Meanwhile, my pain manager just reduced my opioid Rx’s so that I wouldn’t “stand out so much” or get blacklisted. I never heard of the term MME until recently. He said I was on 165 MME, and that was too high above Medicare’s 90 standard. Now I dont’ know what the new MME is, but he felt compelled to do that. Even though since my pain began 10 years ago, I had to stop working and have been largely sofa-bound even with my Rx’s. I could barely grocery shop and do laundry and even shower before. I can’t imagine what’s coming.

Given how my life has shrunk to almost nothing, I’ve been amazed to read here that some people have managed to work and have full lives with their pain as long as they had their meds. ANd I”ve tried every medical option available — PT, other non drug treatments, and non-opioid drugs. Now, I have to try medical mj, and if that doesnt’ work, I dont’ know what will happen. The expense of that — esp since there could be tons of attempts at strains and doses before finding the right one, if I ever manage to find a right one, is causing me a lot of new stress. I already spent almost $1K on MMJ, and it didn’t work at all adn so I gave up. But now, with the new lower opioid Rx I am forced to try again.

chuck darrah

I live with horrible constant chronic pain every hour of every day. Before insanity set in my Doctors kept me comfortable enough to have some quality of life.My conditions are all degenerative and can not be fixed with surgery. After 18 years of trying everything out there I have found that opiod medication is the only thing that reduces my pain levels. My medication has been reduced so low that many times my pain really is unbearable.Emergency Rooms are no longer an option as they degrade and humiliate you treating you like some garbage addict trying to score.You leave there with all the pain you arrived with and the feeling you have been raped.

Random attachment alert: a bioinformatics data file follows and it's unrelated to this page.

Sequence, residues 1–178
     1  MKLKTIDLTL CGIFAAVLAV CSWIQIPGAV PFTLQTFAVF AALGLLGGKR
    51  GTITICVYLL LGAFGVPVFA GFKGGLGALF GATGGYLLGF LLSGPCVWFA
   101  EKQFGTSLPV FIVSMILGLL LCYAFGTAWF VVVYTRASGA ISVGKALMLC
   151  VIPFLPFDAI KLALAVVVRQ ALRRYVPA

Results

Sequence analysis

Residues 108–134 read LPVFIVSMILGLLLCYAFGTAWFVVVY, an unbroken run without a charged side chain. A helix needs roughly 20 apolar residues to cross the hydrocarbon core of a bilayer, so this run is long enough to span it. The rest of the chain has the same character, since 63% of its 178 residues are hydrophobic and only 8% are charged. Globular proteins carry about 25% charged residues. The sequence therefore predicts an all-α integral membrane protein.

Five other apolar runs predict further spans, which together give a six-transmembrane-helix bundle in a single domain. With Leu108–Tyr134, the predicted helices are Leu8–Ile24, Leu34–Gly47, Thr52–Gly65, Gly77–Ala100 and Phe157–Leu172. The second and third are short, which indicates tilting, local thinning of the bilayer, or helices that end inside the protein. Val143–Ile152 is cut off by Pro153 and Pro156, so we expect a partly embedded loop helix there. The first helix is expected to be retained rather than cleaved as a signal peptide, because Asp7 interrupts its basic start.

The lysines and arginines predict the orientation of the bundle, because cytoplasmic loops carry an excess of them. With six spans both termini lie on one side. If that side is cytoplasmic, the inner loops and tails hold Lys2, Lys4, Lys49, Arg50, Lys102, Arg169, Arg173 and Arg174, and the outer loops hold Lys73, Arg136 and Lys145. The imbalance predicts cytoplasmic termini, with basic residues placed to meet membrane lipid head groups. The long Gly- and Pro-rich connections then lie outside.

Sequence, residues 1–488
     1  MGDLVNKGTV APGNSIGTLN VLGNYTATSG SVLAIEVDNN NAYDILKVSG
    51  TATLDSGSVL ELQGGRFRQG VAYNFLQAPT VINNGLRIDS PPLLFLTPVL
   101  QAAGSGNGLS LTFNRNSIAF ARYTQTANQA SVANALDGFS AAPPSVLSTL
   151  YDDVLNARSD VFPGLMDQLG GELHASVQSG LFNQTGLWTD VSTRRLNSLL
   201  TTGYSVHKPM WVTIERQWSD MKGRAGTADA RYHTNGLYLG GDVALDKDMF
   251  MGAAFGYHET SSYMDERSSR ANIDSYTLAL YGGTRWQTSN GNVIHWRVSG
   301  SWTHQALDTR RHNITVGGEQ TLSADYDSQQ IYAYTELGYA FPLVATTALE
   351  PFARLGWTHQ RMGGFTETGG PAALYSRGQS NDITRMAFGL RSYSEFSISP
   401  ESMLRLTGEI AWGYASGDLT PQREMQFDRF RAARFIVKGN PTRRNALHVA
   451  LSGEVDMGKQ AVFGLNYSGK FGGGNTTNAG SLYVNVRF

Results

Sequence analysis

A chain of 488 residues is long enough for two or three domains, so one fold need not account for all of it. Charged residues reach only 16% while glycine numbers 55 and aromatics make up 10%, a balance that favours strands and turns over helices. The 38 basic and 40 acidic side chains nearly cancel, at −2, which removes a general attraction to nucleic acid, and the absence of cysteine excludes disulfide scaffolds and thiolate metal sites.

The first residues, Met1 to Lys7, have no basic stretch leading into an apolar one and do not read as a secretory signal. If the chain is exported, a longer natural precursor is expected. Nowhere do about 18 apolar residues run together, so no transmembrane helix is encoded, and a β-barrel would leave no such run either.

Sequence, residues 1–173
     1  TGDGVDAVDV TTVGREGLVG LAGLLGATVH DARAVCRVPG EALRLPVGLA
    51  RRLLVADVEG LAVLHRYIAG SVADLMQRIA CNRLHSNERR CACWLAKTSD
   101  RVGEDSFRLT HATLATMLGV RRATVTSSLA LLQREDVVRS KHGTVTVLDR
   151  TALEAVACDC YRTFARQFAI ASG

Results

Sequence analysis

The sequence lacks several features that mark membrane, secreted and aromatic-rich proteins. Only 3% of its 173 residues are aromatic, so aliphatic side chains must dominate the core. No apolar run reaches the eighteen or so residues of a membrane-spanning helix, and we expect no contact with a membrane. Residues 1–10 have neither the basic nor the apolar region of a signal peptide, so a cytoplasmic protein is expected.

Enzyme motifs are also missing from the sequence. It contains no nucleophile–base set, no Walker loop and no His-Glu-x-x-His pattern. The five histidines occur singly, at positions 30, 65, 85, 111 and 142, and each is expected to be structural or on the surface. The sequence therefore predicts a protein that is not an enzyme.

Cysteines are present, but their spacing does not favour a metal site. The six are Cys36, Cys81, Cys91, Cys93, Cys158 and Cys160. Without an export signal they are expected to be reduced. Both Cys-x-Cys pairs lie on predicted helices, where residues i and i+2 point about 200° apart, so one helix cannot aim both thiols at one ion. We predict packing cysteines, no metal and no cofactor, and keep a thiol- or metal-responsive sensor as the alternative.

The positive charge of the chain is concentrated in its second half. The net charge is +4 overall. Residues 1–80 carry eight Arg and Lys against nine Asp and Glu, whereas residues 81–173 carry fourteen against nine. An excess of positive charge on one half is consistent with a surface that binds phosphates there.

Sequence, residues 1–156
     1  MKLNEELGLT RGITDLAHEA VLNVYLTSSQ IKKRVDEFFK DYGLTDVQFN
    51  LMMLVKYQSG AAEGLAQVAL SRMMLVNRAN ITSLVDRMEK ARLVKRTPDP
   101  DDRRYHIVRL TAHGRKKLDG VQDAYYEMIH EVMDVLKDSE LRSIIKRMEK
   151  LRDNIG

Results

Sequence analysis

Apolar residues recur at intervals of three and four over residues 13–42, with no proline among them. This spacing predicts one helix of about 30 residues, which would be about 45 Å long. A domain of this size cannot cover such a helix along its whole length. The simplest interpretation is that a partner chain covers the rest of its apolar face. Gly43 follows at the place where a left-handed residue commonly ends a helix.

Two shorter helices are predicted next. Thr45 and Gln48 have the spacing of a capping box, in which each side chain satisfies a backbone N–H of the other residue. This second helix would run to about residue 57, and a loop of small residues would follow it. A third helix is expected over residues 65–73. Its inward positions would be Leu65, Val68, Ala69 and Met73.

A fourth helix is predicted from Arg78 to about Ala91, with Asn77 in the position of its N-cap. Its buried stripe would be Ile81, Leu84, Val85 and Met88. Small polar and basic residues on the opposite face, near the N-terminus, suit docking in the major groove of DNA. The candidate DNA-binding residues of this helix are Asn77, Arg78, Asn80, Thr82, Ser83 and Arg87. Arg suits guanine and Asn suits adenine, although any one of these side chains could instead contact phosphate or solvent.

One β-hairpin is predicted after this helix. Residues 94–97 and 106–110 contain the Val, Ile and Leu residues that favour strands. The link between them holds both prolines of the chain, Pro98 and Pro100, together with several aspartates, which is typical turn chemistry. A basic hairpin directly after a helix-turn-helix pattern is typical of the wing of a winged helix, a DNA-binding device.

Virginia

Oh my heart goes out to you, my dear. And yes, I can empathize with you regarding hospital care, and especially holidays. In fact, holidays to me are almost more painful than the pain I have everyday in my body!!! Holidays to me are very intrusive, get in the way of many business needs and doctors appointments to make, etc.
So, what I’m about to say that I know will help you will, sound like, as it did to me for the first 30 times or so, a clanging cymbal, or just another sermon.
Yes, I’m talking about Jesus. I’m not talking about religion, about how to change you life. About what you have to change, or any of that. Jesus meets you right where you are. He feels all the things you feel. He’s always right there with open arms waiting for you to just reach out and believe who He is, that He is the way to God the Father and eternal life without any pain, suffering, tears, or sorrow. It’s called hope, by faith in believing in Someone who loves you so much that He died for you even before you gave your love and life to Him.
You are a precious woman, Ellen. You’ve been through so much. I pray for you sweetheart that you would find the peace and joy which comes from knowing everything is going to be alright. Everything. That’s what knowing Jesus does. Gives you hope. Let’s you know that no matter what happens here in this world to you, that it’s all going to be ok.
That is what helps me, Ellen. Jesus is what and Who gets me out of bed. Doctors don’t know how that’s possible. I even care for others. Even needing to be moved in bed! I drive. I can do all things through Christ who strengthens me. Philippians 4:13
I hope I’ve not offended you for I know how I was before I knew the Lord. I wanted no part of Him, because I saw how other people who called themselves Christians lived their lives. Then a dear friend told me to keep my eyes on the Lord and don’t be the same hypocrite as those I pointed out.
I pray this helps you.

S. Dixon

I think that all of us dread the Holidays now. We want to see all of our loved ones, but it’s such a strain.